Christmas Evening, 2016. The United States
I sit on my grandmother’s couch, now watching news coverage of the typhoon that has hit the Philippines. I have family there, but I did not even know there had been typhoon warnings.
I didn’t know thousands of people had to be evacuated. I don’t know if my family is safe. I could have wired my family money to get out of Pasacao. I could even have paid to fly them out of the country. If flights had been available.
It is difficult to contact my family. No one has power in Camarines Sur. All I can see is the destruction that this typhoon has left – images of fallen trees and young kids walking barefoot in the heavy rains, in the sweeping mud. I feel helpless. I don’t know what to do from this other side of the planet.
New Year’s Day, 2017. Pasacao
“Denise, we survive.” Ate Sheryll is alive on Facebook. “We are in Naga City. We are with your Tita Gi and we are eating dinner. No lechon though.”
Sheryll tells me stories of other villagers in Pasacao. There is no happiness, she says. Christmas is one of the largest celebrations in the Philippines, and many cannot celebrate the birth of the savior. “We are planning,” she says. “We will make a huge Three Kings celebration once we are back.” I can hear the strength in her voice. “There will be lechon and goat!”
The Philippines experiences many typhoons during the rainy season, but SuperTyphoon Nina, Category 4 Nina was abnormal. It occurred very late in the season, when no one was prepared. The Philippines has developed systems to protect thousands of people, agriculture, and businesses from typhoons. When SuperTyphoon Yolanda hit in 2013, over 6,000 people died and more than 27,000 people were injured. The Philippines, despite major preparations over decades was not prepared to handle the damage these storms can do – or the loss of life they bring. The increasing ocean temperatures – the result of climate change – are increasing the frequency and the unpredictability of these storms. PAGASA alone (Tagalog for “hope”) cannot save everyone.
I still feel this incredible guilt for not being able to help my family evacuate Pasacao. I cannot replace the family time and money and lives they lost that Christmas. And I cannot fix the damaged homes of thousands of people.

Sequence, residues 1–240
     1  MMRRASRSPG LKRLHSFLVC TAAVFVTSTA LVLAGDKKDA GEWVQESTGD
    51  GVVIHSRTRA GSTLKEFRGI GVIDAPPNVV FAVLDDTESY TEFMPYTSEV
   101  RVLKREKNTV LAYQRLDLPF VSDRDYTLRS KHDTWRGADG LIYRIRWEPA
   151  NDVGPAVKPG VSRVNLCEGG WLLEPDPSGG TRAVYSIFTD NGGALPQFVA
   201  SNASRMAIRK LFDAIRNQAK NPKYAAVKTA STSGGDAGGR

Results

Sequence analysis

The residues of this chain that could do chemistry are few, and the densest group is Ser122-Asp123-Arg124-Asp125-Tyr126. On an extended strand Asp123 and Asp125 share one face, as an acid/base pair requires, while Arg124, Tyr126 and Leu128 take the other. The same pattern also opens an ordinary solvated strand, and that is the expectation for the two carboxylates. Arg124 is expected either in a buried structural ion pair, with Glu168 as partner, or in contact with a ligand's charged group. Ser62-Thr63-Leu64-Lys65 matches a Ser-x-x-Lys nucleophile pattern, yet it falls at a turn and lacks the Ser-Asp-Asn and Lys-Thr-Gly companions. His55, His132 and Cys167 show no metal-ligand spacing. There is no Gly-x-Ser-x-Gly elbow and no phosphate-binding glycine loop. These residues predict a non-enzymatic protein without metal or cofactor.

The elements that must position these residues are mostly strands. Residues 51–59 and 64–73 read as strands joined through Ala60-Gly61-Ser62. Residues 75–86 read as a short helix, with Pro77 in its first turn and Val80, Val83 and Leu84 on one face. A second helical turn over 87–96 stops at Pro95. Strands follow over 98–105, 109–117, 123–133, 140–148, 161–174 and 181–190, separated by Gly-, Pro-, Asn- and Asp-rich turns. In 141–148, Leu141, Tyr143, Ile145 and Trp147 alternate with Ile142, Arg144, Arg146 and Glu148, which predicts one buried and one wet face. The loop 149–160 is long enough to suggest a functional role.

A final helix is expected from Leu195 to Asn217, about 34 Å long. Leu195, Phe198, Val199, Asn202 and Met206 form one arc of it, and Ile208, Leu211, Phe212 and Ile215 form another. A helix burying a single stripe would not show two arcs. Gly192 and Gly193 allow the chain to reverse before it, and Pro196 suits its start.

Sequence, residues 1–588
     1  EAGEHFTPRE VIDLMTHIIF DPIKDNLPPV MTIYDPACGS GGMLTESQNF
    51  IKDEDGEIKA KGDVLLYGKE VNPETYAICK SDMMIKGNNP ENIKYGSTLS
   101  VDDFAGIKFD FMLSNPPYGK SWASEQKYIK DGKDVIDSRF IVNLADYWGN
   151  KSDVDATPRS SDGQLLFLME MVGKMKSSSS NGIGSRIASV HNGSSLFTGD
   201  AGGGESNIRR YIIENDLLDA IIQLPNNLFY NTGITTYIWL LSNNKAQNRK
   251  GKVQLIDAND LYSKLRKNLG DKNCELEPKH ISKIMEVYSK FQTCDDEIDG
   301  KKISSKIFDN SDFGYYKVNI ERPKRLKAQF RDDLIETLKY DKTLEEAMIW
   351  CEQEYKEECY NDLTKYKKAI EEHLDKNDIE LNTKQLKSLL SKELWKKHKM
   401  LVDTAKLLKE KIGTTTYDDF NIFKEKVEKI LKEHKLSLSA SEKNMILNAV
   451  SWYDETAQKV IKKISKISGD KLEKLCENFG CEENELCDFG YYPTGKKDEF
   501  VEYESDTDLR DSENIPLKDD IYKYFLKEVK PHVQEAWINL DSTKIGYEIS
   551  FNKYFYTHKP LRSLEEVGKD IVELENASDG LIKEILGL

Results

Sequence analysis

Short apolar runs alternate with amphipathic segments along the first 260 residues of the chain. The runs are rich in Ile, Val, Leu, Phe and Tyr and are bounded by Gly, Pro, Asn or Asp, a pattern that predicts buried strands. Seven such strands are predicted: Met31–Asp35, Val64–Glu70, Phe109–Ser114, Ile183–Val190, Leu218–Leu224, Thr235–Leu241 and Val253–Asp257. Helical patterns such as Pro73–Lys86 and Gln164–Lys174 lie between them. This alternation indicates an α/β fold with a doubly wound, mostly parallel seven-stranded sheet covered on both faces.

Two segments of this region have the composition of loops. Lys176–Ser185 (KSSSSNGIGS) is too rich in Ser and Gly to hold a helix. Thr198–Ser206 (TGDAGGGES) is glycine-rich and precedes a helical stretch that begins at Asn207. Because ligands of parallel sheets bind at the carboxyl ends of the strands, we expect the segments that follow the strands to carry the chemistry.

My sister tells me the priest held a vigil for all of the houses that went into the ocean. The vigils around the village and in the United States are measured by the candles lighting the dark. People prayed in cramped rooms. Filipino parishes in the United States raised money to help their families in Camarines Sur. My mother sends money to my sister.
If Nina had hit New York, we would not have escaped. New York City has an evacuation plan that depends heavily on public transportation and access to televised warning systems. When hurricane Sandy hit New York City in 2012, the subway system flooded. Road tunnels entering Manhattan, leaving Manhattan were blocked by water. People around the city, even in Manhattan and Queens, had no power for days. The New York Stock Exchange closed.
There had been no mandatory evacuation order. New York City, a world capital, cannot easily or inclusively implement evacuation protocols for the millions of people who live so close to the ocean – or even provide timely inclusive post-hurricane aid. The only thing bringing people together in the Northeast after Sandy was sympathy for victims. The communities in New York are diverse and separate, as they are in most of the United States. They do not compare to the unified empathy of community that seems endemic in the Philippines.
I have not been to the Philippines in almost a decade. But I know what was lost. And I know what can be rebuilt. I cannot visualize the beautiful village of Pasacao without the lively marketplace or the small, straw houses on the coast. Even from here, I can hear people on the roofs, thatching.